01/05/10 — Parks and Rec director resigns after four months

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Parks and Rec director resigns after four months

By Kenneth Fine
Published in News on January 5, 2010 1:46 PM

Only a few months after working his first day as director of the city's Parks and Recreation Department, David Carter has submitted his resignation.

Carter, whose last day will be Jan. 22, gave his notice late Thursday, City Manager Joe Huffman said, citing an offer to hold the same position in Chesapeake, Va., as the reason for Carter's departure.

"Four months is a quick turnaround," Huffman said.

But the city manager said he does not begrudge Carter's decision. And although it is unclear whether promise of a higher salary led to it -- Carter was making $80,500 with the city -- Huffman said it would be understandable if money were the reason.

"We're not going to be able to pay as much as a Wilson, Greenville or Raleigh," he said. "And after (researching Chesapeake), we probably couldn't come close."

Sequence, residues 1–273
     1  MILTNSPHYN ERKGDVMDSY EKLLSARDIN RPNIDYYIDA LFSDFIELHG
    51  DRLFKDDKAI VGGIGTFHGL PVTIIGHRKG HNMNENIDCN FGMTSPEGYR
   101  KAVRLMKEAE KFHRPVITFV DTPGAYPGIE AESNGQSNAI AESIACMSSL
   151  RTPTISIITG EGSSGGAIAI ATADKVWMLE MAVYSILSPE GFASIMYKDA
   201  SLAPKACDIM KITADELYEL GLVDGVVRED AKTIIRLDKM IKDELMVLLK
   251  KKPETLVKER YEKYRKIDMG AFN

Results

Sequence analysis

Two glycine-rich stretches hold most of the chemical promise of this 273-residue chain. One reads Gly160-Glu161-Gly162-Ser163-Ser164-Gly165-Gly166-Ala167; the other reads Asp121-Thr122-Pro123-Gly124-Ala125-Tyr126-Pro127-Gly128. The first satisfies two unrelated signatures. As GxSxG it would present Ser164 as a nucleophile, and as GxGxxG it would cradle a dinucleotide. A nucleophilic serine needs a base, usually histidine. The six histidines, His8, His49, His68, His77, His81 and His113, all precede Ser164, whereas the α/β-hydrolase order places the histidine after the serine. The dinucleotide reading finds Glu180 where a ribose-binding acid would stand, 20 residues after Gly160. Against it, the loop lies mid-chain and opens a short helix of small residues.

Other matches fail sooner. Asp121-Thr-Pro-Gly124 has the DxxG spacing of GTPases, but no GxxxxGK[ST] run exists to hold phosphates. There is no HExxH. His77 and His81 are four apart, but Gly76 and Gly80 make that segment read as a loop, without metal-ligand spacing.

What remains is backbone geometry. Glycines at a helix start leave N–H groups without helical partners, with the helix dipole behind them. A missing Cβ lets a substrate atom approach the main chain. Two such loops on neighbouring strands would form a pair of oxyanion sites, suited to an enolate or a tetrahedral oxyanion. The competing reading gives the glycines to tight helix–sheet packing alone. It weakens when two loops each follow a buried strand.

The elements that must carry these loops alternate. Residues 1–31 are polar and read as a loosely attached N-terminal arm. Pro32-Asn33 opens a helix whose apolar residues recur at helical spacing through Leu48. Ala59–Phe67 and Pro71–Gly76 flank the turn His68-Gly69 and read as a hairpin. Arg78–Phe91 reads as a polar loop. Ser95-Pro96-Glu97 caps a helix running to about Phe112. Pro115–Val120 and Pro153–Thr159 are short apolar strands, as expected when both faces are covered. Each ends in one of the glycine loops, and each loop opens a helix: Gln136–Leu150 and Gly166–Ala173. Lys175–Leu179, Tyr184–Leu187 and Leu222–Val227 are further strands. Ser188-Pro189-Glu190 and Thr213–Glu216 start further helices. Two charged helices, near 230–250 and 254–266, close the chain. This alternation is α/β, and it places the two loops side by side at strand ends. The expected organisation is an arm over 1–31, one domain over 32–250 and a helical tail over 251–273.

It has been an interesting few years for Parks and Recreation, as Carter marks the third department head to leave the city since 2008. Sonya Shaw left in 2008 to take a position in Garner and then interim director Gail Charles retired. All the while, significant work was being completed at Stoney Creek Park and the Recreation Center project moved through the design phase.

"It's been a challenge," Huffman said. "But I think it underscores the need to have many people involved (in these projects.)"

Huffman said a search for Carter's replacement is ongoing and that the position is currently being advertised on the city's Web site.

The ideal candidate, he said, would bring experience directly related to the city's vision of the future of Parks and Recreation in Goldsboro. That means they would be able to develop and execute programming at the Recreation Center, if it is built, and would have the skills necessary to work with groups like the Stoney Creek Park Alliance, Huffman said.

"We're looking for someone with experience, someone who can be a team member," Huffman said. "And the ability to interact with the community is going to be really important."